Time for dessert!!!
The nose shows; white peach, apricots, dry pineapple, Bosc pear, dry tropical melons, marmalade, honey, orange citrus and blossoms, nuts, toffee, banana peel, burnt caramel, brown raw sugar, baguette crust, soft limestone minerals and floral spring flowers.
The body is thick, gluey and rich and has lots of residual sugar. White peach, apricots, dry pineapple, Bosc pear, dry tropical melons, marmalade, honey, orange citrus and blossoms, nuts, toffee, banana peel, burnt caramel, brown raw sugar, baguette crust, soft limestone minerals and spring flowers. The acidity is beautiful, thick and round. The finish is well balanced and elegant with polish on the finish for days.
Photos of; Chateau d’ Yquem, their tasting room, 1917 bottle of d’ Yquem and botrytis grapes and their barrel room. — 19 days ago
Still drinking the 89 while storing at temps rainging from 50 to 90 degrees F for the last 22 years. 2 bottles left. Not one bottle in all thes years was less than perfect. I would rate it as a 98.5, but, i am no expert. I have had great assulase, tokaji aszu and chateau d'Yquem but, for the price i paid (20$/bottle), it far exceeds the others. It is now a medium amber color complex fruity tones great finish. I feel sad when the last drop leaves my teast buds. I also have a few of the 90's to us as a comparison. They are a distant second. — a year ago
On the nose; marmalade, apricots, peach, white peach, dry pineapple, orange peel, candied lemon, toffee, brandy butter, nuts, brown sugar, molasses, honey, sweet minerals, sea spray and yellow lilies. The palate matches the nose but add spiced cinnamon. The mouthfeel is thick, super rich and luscious. Delicate minerality. The acidity rains on the palate and the finish is endless. My 2nd favorite Sauternes after Chateau d'Yquem. I component tasted at this Chateau in 2014. Not just the grapes varietals separately but also when those grapes were picked. They might make 12 or more passes through the vineyards to make sure they only take fruit at it's peak ripeness. After you do this, you'll never taste Sauternes the same way. I find myself mentally picking it apart and putting back together as it swirls on my palate. — 2 years ago
Looks like chateau d'Yquem. Could drink it all day long- reminiscent of flavor of chateau as well — 3 years ago
Tio z4 mazf @pappas houstom — 2 days ago
Dessert last night was a layered, guava, mango, raspberry, passion fruit cheesecake. I did a dual pair with 14 Kobalt Sauvignon Blanc and this 83 Rieussec Sauternes. The 83 won hands down.
Look at that color! 👀 The older they are, the darker they get. I’ve seen one nearly black, a 1928 D'yquem a number of years back. A good producer/vintage of Sauternes will out live almost anyone’s life span properly stored. This 35 year old 375ml was no exception to that rule.
The nose reveals; brown sugar, molasses, dried; pineapple, apricots, peaches, nectarines, orange citrus, touch of light colored citrus’s, marmalade, mixed nuts with skin, toffee, caramel, tea notes, soft limestone minerals, gravel with pebbles and dark withering flowers/lilies.
The body is full, rich and gorgeous. The palate is nicely integrated and complex. The fruits are a combination of candies and dried. Brown sugar, raw sugar cane, molasses, dried; pineapple, apricots, peaches, nectarines, mango, prunes & dates. Candied, lemon, lime & grapefruit. Orange citrus, marmalade, honeycomb, mixed nuts with skin, toffee, caramel, Lipton tea notes, soft limestone minerals, gravel with pebbles and dark withering flowers, yellow & orange lilies. The acidity is like a rain shower and the elegant, rich, well balanced and polished finish lingers on your palate and dances mentally in your brain. There is also granulated sugar on the palate. Huge RS!
Producer notes...Rieussec is aged in an average of 50% new, French oak barrels for 18 to 24 months, depending on the character of the vintage. Chateau Rieussec is owned by the Lafite side of the Rothschild family and all their used oak barrels come from Chateau Lafite.
Photos of; Chateau Rieussec, grapes awaiting the onset of botrytis, their roughly 25-30 year Estate vines and their barrel room. — 9 months ago
1963 Taylor Fladgate Port. Wine charity dinner bought by H&C S, hosted at the house. Dessert course. Drank alongside '75 Chateau d'Yquem. This was delicious w the salted caramel. Easier than the d'Yquem to sip without food. Great! — 3 years ago
Located opposite the Chateau d'Yquem, the Rabaud-Promis castle, on the hill Rabaud since the late eighteenth century. Sweet stone fruit aromas with hints of honey. On the palate full flavors of orange and peach with notes of citrus notes adding a bit of spice. Balanced acidity, rich finish ending with botrytis-like character. Very nice! — a year ago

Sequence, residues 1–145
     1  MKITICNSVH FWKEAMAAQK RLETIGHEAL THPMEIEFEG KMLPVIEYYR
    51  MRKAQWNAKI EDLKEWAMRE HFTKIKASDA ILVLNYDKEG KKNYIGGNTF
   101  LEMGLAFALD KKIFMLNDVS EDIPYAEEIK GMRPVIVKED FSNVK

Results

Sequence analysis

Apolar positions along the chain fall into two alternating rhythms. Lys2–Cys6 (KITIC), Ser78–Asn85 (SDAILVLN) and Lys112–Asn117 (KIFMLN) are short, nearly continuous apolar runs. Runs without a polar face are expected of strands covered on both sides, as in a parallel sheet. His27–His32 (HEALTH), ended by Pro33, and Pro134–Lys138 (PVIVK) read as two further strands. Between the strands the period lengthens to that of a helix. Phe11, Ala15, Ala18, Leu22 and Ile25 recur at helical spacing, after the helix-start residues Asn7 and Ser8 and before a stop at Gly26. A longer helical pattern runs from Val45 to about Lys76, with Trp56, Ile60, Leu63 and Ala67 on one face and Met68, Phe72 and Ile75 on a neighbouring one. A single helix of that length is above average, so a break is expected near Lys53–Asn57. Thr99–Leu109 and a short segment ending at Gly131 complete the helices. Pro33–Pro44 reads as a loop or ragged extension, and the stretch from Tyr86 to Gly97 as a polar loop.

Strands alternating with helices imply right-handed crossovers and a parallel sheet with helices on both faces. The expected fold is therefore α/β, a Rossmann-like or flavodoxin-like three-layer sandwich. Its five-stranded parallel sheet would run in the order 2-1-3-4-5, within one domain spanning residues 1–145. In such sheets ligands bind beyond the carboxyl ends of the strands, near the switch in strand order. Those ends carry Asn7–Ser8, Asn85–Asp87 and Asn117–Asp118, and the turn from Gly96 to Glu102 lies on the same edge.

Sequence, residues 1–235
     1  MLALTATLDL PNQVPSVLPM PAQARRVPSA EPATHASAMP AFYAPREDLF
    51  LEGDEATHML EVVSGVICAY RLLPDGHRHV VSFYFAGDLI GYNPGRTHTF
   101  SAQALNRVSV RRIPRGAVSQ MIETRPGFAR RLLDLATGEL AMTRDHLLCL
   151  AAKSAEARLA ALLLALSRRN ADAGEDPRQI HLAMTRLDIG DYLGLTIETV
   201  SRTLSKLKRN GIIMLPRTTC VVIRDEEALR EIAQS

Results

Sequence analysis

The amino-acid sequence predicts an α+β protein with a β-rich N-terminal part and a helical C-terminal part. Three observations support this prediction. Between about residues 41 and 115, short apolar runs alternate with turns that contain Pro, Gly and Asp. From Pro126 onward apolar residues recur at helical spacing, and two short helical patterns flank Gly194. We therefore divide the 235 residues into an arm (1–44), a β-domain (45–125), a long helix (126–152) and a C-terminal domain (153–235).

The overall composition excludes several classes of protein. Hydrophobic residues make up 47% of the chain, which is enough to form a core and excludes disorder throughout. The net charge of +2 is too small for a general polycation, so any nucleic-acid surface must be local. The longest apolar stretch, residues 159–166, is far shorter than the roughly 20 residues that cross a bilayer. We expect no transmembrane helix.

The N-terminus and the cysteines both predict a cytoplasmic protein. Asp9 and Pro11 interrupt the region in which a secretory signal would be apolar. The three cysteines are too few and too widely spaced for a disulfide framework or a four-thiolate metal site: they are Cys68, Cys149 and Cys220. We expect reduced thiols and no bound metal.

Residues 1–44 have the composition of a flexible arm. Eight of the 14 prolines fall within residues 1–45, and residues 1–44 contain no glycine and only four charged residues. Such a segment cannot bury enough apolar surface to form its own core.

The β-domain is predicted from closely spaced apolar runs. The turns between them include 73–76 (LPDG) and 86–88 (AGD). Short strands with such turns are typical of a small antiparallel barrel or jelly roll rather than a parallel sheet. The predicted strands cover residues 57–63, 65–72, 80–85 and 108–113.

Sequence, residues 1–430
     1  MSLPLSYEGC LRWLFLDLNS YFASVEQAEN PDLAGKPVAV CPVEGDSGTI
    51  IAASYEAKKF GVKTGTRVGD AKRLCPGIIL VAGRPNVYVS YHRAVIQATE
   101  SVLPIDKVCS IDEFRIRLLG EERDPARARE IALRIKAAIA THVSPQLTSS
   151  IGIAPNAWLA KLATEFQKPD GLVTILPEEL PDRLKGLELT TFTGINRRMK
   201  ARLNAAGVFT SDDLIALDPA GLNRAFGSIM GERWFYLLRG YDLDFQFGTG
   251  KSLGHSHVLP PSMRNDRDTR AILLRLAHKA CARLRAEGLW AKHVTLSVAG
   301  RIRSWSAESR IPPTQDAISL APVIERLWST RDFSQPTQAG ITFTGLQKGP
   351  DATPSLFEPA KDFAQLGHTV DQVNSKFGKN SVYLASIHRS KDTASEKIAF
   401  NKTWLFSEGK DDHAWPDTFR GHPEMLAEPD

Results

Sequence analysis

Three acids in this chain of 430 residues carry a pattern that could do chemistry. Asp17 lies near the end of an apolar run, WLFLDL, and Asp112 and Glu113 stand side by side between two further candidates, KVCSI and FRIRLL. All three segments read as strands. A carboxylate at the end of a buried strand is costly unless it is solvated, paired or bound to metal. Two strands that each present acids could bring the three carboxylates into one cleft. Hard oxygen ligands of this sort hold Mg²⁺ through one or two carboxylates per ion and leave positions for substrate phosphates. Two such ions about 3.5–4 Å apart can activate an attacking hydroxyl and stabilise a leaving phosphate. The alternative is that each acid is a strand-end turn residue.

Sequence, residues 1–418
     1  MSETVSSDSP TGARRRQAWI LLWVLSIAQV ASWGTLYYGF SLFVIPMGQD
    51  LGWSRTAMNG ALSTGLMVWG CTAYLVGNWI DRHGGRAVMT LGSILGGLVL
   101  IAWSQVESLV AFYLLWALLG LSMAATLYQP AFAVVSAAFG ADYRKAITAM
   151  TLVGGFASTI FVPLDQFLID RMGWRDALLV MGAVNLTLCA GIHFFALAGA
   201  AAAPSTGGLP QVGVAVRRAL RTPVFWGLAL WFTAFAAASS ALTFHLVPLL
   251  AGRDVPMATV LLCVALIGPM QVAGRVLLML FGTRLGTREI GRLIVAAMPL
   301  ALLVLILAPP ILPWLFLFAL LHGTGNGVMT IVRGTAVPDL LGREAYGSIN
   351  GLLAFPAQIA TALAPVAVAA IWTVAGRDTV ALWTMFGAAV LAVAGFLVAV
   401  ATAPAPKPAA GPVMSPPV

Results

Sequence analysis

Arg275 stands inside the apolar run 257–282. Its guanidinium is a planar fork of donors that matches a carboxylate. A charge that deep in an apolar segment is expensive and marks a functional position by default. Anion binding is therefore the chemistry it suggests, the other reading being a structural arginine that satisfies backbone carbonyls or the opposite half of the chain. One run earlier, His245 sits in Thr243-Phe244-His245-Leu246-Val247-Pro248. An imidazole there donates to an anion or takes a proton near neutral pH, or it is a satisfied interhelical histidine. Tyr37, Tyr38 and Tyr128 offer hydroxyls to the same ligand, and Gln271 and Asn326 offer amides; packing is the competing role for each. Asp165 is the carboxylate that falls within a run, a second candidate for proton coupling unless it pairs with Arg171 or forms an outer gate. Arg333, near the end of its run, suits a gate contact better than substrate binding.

There are certain occasions that call for Krug Rosé. So, HBTM! The bottle was corked in the summer of 2014. It’s a blend of 45 reserve wines with the oldest being from 2007 and the youngest 2002. This is why I think Champagne Makers are some of the most talented people making wine. They are constantly blending up to 100 plus wines to bring that bottle to bottle and year to year branded flavor of consistency. On the nose; red & pink spring flowers, cherries, strawberries, watermelon, black cherry, black raspberries, notes of blood orange citrus, baked bread, soft volcanic mineral and elegant chalkiness. The palate is always ridiculously delicate. Micro bubbles, silky rich texture with beautiful soft acidity. The palate fruits are similar to the nose; rich & ripe cherries, strawberries watermelon, black cherry, black raspberries, notes of blood orange citrus with hints of marmalade. Red & pink spring flowers, baguette crust, soft powdery minerals that give the palate a slight sting and super powdery chalkiness done just right. The finish is beautifully rich, textured, revealing itself in layers and lasts minutes. Photos of; Founder Joseph Krug, House of Krug, Winemaker Eric Lebel, Krug’s Clos du Mesnil, a small plot of 1.85 hectares of Chardonnay...one of the world’s greatest vineyards and their salon tasting room. Producer history & notes...Krug was founded by Joseph Krug in 1853. They are based in Reims, the main city in France’s Champagne region. It is one of the famous Champagne houses that formed part of the Grande Marques. Today the house is majority owned by the multinational conglomerate LVMH, which owns Moët Hennessy, Louis Vuitton S.A. and who’s wine producer portfolio includes other well known wine brands such as; Moët & Chandon, Veuve Clicquot, Château d'Yquem, Ruinart & Cheval Blanc, Dom Perignon and many others. Despite LVMH's majority ownership, the family is still actively involved in all the key decisions of the house but does not manage the day-to-day operations. Joseph Krug was born Johann-Joseph Krug, a butcher’s son, in Mainz, on the Rhine in 1800 when the city was part of the Napoleonic Empire. Having dispensed with the name Johann, he left Mainz in 1824 and in 1834 moved on to Paris. Germans were in demand in France as accountants and bookkeepers. So, Joseph joined Champagne Jacquesson in Châlons-sur-Marne. He spent eight years with Jacquesson. His work took him beyond accountancy. He went around Europe testing the market and assessing criticism from wine sellers and customers. He learned about composition and taste so that by 1840 he already seemed to have been blending Champagne for at least one other house. In 1841, he married Emma-Anne Jaunay. The daughter of a French hotelier based in London’s Leicester Square. The following year their son Paul Krug was born. In 1842 he moved to Reims and following a year later, Krug et Cie was founded with his partner, Hyppolite de Vivès. Joseph was fluent in French, English and German and even spoke some Russian, putting the company in position to exploit key overseas markets. Joseph died in 1866 and was succeeded by his son Paul Krug, who had been trained by his father to takeover. Joseph under the supervision of Paul, Krug was established as a Grande Marque. By the 1880s the prestige of Krug was acknowledged in the United Kingdom and became the primary overseas market for Champagne. In 1866, the House moved into Rue Coquebert, in Reims as it remains. After Paul’s death in 1910, he was succeeded by his son, Joseph Krug II. However, during World War I Joseph II was taken prisoner and his wife Jeanne played a key role in the House at a time when the Western Front divided the region between the Allies and the Germans. After the war, Joseph II’s slow recovery led to his nephew Jean Seydoux becoming joint manager in 1924. In that decade, the Krug 1926 and 1928 vintages were created, which have been considered by critics to be amongst the greatest Champagnes. Lawyer and wine writer Maurice Healey declared “Krug” the king of all Champagnes. Further, “that the 1928 Krug was the best wine made in the present century.” By the mid-1930s, Paul Krug II, the son of Joseph II, was active in the business and would become head of the House from 1959 to 1977. His father died in 1967, by which time he was, according to Patrick Forbes, “one of the most popular and respected figures in the Champagne district.” In 1962 Henri Krug, the son of Paul II, joined the management, as did his brother Remi three years later. Their arrival was followed by a series of innovations, including extensions in the range of Champagnes. In 1979, for the first time, a graduate winemaker joined the House. In January 1999, the House became part of LVMH and by 2007, the brothers, while remaining on the tasting committee, had stepped down from day-to-day responsibilities. In 2009 Olivier Krug, the son of Henri, became House Director. At harvest, Krug grapes are pressed close to their plots with the first juice kept for 24 hours in a vat prepared for the fermentation stage. The pressing from each plot is vinified separately. A pressing contains 4,000 kilos of grapes and yields 20.5 hectolitres of first juice (cuvée), which is poured into twelve oak casks chosen at random. Once fermentation is complete, the eleventh and twelfth casks are used to top up the other ten casks in order to protect the new wines from oxidation. For fifteen days, each cask is topped up with wine from the same plot. Krug uses small 205 liter oak casks tailor-made from trees that are more than two centuries old in the forests of Hautes Futaies in Central France. The average age of Krug oak casks is 20 years. They are retired after approximately 40 years of use. The wines remain in the casks for several weeks. During this period, clarification occurs naturally from the cool temperature of the cellar given the coming winter, as does a micro-oxygenation process from the use of natural containers, making the wine more resistant to oxygen over time. Finally, between December and January, the wine is drawn off into small stainless-steel vats. From here, depending on the decisions of Krug’s tasting committee, the wines will either contribute to that year’s assemblage or be stored in steel vats in the House’s library of 150 reserve wines to be used in the blend of a future Krug Grande Cuvée and or Krug Rosé. — 2 years ago